I want to build a USB device that can draw 1A.

Some of the PCs at my office can supply 1A, some only 800mA. The USB 2.0 specification says a device can only draw up to 500mA.

I cannot build a software/hardware infrastructure to check if the device is a PC and, if so, to limit the current to 500mA.

What would happen if I try to draw 1A without checking if the host is capable of supplying this current? Does this risk ruining the host?

  • 1
    \$\begingroup\$ See electronics.stackexchange.com/a/5581/1276 . You need to make a request while enumerating your USB device for anything over 100mA -- and of course this request may be denied. Anything over 500mA can only be obtained through the USB3 Battery Charging or Power Delivery modes. \$\endgroup\$ – Chris Johnson Sep 15 '14 at 10:54
  • \$\begingroup\$ The USB spec requires that a host limits the current to a safe value (without mentioning a specific value). In most cases that is implemented by the current limit inherent in the PSU, or by a suitable polyfuse, in which cases drawing more current would not result in any damage. I am not sure a normal (melting) fuse is allowed, and that would of cause 'ruin' part of the host. \$\endgroup\$ – Wouter van Ooijen Sep 15 '14 at 13:52

USB 2.0 standard which permitted 100/500 mA was eventually extended with Battery Charging Specification which allows the device to draw up to 1.5A after it sees that the other side (the plug pack) is shorting D+ and D-.

Some PCs may be able to source more than 500mA, but it is not safe for them. And some will allow only 100mA prior to enumeration.

  • \$\begingroup\$ How is drawing more than 0.5A 'not safe for them'? \$\endgroup\$ – Wouter van Ooijen Sep 15 '14 at 13:12
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    \$\begingroup\$ @WoutervanOoijen For example they have a fuse rated slightly above 500 mA or the USB ports are fed from +5V_SB which can not safely provide more. \$\endgroup\$ – venny Sep 15 '14 at 13:17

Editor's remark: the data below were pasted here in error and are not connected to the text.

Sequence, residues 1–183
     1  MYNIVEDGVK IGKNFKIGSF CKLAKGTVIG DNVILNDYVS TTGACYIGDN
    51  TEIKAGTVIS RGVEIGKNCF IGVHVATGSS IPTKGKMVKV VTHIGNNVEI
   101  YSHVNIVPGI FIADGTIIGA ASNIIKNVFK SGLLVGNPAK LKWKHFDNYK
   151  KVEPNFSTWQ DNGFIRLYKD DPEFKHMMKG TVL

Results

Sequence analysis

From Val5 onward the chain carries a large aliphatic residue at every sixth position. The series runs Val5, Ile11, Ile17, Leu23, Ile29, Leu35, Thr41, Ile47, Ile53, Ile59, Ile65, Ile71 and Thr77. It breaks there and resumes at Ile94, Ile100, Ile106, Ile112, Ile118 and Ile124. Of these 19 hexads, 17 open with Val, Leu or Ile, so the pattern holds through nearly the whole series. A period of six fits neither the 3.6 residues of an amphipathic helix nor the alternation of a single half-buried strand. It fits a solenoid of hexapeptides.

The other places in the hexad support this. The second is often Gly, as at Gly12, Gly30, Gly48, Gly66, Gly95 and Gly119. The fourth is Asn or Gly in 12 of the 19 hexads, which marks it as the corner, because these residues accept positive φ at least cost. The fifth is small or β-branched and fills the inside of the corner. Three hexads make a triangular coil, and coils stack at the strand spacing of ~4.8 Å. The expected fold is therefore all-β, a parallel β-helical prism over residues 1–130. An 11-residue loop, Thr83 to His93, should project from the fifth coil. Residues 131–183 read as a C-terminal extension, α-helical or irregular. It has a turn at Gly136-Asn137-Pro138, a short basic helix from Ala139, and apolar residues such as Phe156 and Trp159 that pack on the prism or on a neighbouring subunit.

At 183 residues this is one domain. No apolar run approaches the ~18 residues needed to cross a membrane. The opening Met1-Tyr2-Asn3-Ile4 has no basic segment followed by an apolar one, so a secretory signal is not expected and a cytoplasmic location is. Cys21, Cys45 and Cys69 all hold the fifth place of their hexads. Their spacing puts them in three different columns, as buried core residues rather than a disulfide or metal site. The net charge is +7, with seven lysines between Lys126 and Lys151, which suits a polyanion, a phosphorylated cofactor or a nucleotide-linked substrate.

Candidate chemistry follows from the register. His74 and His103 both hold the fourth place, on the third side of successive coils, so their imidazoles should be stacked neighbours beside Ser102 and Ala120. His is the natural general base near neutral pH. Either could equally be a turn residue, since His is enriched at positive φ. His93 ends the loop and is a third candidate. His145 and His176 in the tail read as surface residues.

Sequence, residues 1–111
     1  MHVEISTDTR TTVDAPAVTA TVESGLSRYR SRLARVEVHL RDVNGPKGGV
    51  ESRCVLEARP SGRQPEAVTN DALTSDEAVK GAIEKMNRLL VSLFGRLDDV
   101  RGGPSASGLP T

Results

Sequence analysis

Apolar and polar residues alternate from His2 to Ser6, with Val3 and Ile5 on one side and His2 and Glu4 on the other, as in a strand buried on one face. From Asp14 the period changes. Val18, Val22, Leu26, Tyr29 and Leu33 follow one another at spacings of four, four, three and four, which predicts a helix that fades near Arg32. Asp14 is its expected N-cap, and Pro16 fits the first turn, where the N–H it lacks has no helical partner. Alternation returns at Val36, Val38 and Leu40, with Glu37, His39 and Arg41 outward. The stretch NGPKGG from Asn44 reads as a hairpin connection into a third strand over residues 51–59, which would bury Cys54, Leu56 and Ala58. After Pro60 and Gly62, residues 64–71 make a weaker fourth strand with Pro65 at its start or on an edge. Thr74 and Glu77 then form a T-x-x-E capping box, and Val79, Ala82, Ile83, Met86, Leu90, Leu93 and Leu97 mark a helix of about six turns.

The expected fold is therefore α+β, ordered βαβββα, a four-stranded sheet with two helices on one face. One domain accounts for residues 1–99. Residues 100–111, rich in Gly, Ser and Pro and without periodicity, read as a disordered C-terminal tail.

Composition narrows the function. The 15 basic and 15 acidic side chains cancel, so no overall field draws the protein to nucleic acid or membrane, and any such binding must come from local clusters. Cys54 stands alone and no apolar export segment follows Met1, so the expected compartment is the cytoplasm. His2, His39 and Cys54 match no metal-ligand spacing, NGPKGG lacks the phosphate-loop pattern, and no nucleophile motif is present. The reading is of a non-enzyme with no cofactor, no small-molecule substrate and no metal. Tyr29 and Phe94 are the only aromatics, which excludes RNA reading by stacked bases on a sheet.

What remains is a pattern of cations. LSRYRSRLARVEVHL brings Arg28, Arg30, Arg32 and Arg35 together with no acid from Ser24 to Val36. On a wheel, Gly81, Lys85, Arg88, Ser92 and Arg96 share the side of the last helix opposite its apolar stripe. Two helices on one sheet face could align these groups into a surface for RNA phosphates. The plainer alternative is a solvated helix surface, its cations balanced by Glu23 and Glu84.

• \$\begingroup\$ Can you link me to the battery charging specification section you mention. I can't seem to find it. \$\endgroup\$ – ACD Sep 15 '14 at 13:37
  • \$\begingroup\$ @venny the USB spec requires that a master limits the current to a safe value, so in the second situation the host would be out of spec. When there us a fuse there is no safety issue. I am not sure a real (melting) fuse would be within the USB specs, I think not. \$\endgroup\$ – Wouter van Ooijen Sep 15 '14 at 13:49

Take a look at the USB charging specification.

There are numerous ways manufacturers today implement negotiation of USB currents. The standard USB way is, as was mentioned, requesting the current by message exchange with the USB host controller.

However, many devices don't bother with the complex USB protocol and just draw as much current as they require - until the supply voltage drops. That said, I guess that it's kind of safe-ish to ignore the USB specs without ruining (too many) PCs. Usually, the output voltage will just drop when too much current is drawn until it balances out. This can of course affect other devices connected to the same controller/hub/..., which will witness the unanticipated voltage drop.